Arsenic Suit Seeks To Pit Arkansas Chicken and Rice Sectors Against Each Another

by Jan Cottingham  on Monday, Nov. 19, 2012 12:00 am  

The suit, filed by the Alabama-based firm of Hare Wynn Newell & Newton LLP, alleges that the defendants “knew that excessive arsenic in chicken litter used as fertilizer on many rice farms in Arkansas would contaminate the entire U.S. rice crop and infiltrate the general U.S. rice supply … .” It adds that publicity about the contamination “would result in devastating financial losses to U.S. and Arkansas rice producers.”

Hare Wynn represented 2,500 rice farmers, including a number in Arkansas, in a case that last year ended in a $750 million settlement with Bayer AG over contamination of the U.S. rice supply by Bayer’s genetically modified rice.

Asked last week what damages his clients in the arsenic case had suffered, Hare Wynn lawyer Scott Powell of Birmingham, Ala., cited the move by South Korea to stop importing American Rice. “Arkansas accounts for 50 percent of all of the U.S. exports, so by virtue of that there has been an adverse economic and market impact to the price,” he said.

In addition, Powell said, remediation of his clients’ contaminated rice fields is expensive, costing as much as $500 an acre.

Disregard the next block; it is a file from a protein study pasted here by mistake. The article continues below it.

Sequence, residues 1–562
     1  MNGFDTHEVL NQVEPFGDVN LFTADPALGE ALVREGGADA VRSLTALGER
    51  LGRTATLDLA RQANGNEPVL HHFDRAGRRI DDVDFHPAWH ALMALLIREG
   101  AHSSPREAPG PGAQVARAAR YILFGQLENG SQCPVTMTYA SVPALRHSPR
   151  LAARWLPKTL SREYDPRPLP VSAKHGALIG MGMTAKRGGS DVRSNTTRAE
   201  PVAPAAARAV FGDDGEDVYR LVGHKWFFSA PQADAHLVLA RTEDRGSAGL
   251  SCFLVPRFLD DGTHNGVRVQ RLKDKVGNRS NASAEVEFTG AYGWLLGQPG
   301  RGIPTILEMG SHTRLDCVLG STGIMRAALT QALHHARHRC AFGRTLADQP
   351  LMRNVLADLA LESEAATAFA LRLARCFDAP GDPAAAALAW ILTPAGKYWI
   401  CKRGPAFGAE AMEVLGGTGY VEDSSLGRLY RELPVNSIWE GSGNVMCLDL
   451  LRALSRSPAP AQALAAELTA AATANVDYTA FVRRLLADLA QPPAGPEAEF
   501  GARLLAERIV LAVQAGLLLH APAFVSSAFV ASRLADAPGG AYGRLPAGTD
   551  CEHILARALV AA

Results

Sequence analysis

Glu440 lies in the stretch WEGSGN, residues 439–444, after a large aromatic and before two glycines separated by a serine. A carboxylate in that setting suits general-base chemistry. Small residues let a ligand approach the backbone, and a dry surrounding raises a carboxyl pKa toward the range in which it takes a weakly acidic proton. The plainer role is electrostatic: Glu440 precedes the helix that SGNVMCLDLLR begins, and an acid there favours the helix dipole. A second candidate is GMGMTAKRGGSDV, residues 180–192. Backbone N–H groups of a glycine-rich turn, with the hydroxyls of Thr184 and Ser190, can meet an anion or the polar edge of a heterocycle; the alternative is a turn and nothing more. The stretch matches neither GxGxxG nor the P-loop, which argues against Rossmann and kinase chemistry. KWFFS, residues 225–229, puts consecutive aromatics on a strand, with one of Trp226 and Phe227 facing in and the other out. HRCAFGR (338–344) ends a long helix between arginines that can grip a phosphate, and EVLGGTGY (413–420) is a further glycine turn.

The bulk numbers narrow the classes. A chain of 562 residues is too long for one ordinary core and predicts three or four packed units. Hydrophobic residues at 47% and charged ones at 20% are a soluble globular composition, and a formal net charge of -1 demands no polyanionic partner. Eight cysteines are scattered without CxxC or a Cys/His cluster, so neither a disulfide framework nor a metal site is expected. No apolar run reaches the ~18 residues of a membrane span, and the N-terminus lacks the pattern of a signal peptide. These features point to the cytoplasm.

Not So Fast

At the time of the suit’s filing, Tyson spokesman Gary Mickelson told Arkansas Business that the suit “appears to be an example of creative lawyers trying to use frivolous litigation to extract money from companies that have done nothing wrong. We will vigorously defend ourselves. None of our chickens are given feed additives containing arsenic.”

In a response last week to emailed questions, Tyson elaborated: “We are confident in the safety of our products. Tyson and USDA food safety personnel regularly conduct testing to confirm the safety of chicken products.

“Tyson does not test litter produced by contract growers. Tyson does not own or operate the farms on which chicken litter is produced and is not involved in the use or sale of chicken litter as fertilizer. However, the use of chicken litter as a fertilizer is a practice that has been approved by state and federal agencies for many years under very detailed regulations. The regulations vary across states but most regulations require certain testing of poultry litter to confirm that it can be safely used as fertilizer.”

The rice farmers claim in their suit that poultry producers like Tyson completely control “every stage of poultry production” and are responsible for additives fed to chickens.

And though rice farmers are the suit’s plaintiffs, the Arkansas Rice Federation has no use for the complaint, saying: “We were not involved in the filing nor do we support this lawsuit. Arsenic is naturally occurring and we are currently working with the U.S. Food and Drug Administration (FDA) to best determine the next steps on addressing this issue. FDA has repeatedly stated rice is safe to eat and should continue to be part of a balanced diet.”??©The federation said it had received no complaints from Arkansas rice producers about potential arsenic contamination of rice crops by poultry litter. And asked whether the Consumer Reports report had affected rice prices, the trade group said it was too early to tell.

As for South Korea, on Oct. 12 it lifted its Sept. 21 suspension of U.S. rice imports after that country’s agriculture ministry said tests showed consumption of the rice posed no significant risk.

Congress Enters the Picture



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